The movie starts out by showing sports agent Derrick Taylor (played by Michael Ealy) driving in his car somewhere in Los Angeles, where he lives. Derrick says in a cringeworthy voiceover narration: “I was always the smart one, the one who played to win. I was damn good at it and was the best. Then I took my eye off of the ball. And just like that, the rules of the game changed. I was no longer playing to win. This was a new game. I’m playing for my life now.”
Translation: “I went to Vegas, cheated on my wife, and now the psycho I slept with won’t leave me alone and might kill me.”
Before viewers get to that predictable point in the story, it’s shown that Derrick and his wife Traci (played by Damaris Lewis) are stuck in a marital rut. Derrick (who’s in his 40s) and Traci (who’s about 15 years younger than Derrick) do not have children, and the spouses have both been working long hours and haven’t been spending a lot of time together. When they do spend time together, Derrick and Traci don’t seem to like each other very much. The romantic passion they once had is in danger of leaving their marriage permanently.
Derrick has a successful sports agency called Vista Entertainment, which he co-founded with his best friend Rafe Grimes (played by Mike Colter), who is thinking about cashing out to become an instant multimillionaire. It’s revealed later in the story that talent agency giant William Morris Endeavor (WME) has been eyeing Vista for a corporate buyout. Rafe thinks that he and Derrick should take the offer if it comes. Derrick doesn’t want to sell the company, and it’s in Derrick and Rafe’s contract with each other that Vista won’t be sold unless they both agree to it.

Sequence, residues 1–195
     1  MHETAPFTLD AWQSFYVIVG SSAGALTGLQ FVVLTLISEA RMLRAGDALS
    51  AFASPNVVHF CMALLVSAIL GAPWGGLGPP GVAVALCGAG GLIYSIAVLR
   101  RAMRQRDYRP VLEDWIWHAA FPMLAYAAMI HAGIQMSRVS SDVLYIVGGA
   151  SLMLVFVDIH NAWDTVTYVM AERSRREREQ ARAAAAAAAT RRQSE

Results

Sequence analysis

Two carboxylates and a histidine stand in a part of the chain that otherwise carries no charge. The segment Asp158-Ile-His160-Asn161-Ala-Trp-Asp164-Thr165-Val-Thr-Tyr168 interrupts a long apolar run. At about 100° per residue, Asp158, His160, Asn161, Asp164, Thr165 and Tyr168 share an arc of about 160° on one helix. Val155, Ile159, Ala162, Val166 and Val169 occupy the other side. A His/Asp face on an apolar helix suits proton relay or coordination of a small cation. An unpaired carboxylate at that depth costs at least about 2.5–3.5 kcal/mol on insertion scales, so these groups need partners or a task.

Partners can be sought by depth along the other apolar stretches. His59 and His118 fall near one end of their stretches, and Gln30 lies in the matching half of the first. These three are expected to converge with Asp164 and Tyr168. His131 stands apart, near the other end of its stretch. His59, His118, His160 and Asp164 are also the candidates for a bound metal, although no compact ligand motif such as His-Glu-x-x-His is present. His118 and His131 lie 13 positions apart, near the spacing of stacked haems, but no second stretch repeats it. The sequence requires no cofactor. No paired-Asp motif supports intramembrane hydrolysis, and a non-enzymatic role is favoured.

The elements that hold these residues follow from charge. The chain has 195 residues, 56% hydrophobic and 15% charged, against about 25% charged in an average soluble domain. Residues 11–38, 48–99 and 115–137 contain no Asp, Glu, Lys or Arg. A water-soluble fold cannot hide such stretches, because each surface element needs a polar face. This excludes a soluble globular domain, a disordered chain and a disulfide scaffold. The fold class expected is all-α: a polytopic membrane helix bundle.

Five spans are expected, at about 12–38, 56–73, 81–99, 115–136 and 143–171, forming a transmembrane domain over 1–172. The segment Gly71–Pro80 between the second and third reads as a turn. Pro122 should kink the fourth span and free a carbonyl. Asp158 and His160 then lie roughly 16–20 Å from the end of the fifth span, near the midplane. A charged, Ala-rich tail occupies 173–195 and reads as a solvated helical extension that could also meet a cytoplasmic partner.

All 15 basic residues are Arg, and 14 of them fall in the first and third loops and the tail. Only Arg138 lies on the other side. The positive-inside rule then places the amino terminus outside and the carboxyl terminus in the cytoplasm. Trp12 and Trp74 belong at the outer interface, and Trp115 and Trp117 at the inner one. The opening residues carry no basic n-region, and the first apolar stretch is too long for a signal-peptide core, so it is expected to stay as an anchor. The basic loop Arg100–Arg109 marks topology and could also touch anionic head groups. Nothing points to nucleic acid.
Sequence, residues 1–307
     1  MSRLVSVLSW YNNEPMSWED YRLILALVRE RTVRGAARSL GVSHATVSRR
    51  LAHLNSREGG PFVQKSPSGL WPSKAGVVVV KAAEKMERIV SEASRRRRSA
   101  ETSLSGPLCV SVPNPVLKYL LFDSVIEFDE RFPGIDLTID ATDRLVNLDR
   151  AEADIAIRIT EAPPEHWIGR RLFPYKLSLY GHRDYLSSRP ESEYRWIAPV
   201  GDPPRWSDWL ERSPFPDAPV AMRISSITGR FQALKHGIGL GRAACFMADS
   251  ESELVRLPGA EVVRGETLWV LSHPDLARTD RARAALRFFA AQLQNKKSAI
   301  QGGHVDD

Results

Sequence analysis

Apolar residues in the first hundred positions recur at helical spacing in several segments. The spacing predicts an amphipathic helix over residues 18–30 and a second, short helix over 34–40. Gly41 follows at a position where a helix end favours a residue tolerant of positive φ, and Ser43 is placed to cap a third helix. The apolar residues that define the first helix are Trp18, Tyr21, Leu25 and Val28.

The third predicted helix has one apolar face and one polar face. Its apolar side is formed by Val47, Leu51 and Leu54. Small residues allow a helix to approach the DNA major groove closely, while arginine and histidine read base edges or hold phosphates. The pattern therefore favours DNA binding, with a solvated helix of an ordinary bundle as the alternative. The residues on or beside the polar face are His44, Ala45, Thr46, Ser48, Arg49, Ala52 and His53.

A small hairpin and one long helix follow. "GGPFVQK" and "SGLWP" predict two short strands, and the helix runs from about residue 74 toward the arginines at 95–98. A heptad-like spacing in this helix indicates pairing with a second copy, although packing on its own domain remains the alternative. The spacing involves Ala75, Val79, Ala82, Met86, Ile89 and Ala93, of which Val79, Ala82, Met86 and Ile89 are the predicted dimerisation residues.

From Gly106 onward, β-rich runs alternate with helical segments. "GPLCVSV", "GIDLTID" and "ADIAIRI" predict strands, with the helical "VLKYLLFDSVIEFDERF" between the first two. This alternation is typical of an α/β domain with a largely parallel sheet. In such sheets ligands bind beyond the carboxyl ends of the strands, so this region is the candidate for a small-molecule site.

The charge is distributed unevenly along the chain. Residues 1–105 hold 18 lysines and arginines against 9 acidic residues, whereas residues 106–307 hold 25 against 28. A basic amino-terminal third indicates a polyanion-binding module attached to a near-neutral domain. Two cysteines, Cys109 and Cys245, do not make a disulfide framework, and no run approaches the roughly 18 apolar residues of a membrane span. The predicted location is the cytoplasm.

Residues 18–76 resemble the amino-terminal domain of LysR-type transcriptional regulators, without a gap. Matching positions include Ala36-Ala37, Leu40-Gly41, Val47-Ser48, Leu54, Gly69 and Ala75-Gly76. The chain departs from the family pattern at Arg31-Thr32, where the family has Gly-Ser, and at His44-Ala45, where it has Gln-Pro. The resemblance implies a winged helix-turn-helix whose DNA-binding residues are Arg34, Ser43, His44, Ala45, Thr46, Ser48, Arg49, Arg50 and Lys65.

Rafe is an extroverted bachelor who is dating a woman named Micaela (played by Kali Hawk), and the relationship seems to be going well. While Rafe and Micaela are visiting Derrick and Traci in their home, the two couples have drinks together and make small talk that’s pleasant but superficial. However, Traci is noticeably cold to Derrick.
One day, Derrick and Traci have a tense conversation because she stayed out past midnight the night before, without telling him where she was. During this discussion, Traci says that she was celebrating with some clients and didn’t want to be rude by going home early. Derrick accepts that excuse, but he expresses concern over how much her career seems to be taking time away from their relationship. Traci accuses Derrick of having a double standard because his job is also demanding, but she doesn’t complain about it as much as he complains about the time she spends on her job.
By the time Derrick and Rafe travel to Las Vegas for a bachelor party of a mutual friend, Derrick and Traci’s relationship has reached a stalemate. At the nightclub where the party is held, Derrick confides in Rafe by telling him that he and Traci used to have a “perfect marriage,” but now they feel like “strangers” to each other. Rafe’s response is to tell Derrick to take off his wedding ring and pretend “for the next 24 hours, you’re a single man.”